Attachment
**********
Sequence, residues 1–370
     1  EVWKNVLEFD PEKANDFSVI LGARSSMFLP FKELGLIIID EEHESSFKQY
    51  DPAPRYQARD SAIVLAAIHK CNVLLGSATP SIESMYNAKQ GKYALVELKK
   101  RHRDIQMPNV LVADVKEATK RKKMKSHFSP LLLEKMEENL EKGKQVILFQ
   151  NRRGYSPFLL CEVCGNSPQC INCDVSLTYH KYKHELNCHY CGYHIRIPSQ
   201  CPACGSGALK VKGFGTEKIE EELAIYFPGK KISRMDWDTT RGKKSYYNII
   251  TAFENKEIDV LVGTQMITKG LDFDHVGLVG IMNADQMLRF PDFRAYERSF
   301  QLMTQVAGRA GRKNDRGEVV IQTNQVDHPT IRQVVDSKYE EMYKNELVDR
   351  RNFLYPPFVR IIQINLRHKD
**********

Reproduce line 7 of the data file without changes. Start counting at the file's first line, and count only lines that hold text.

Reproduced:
   251  TAFENKEIDV LVGTQMITKG LDFDHVGLVG IMNADQMLRF PDFRAYERSF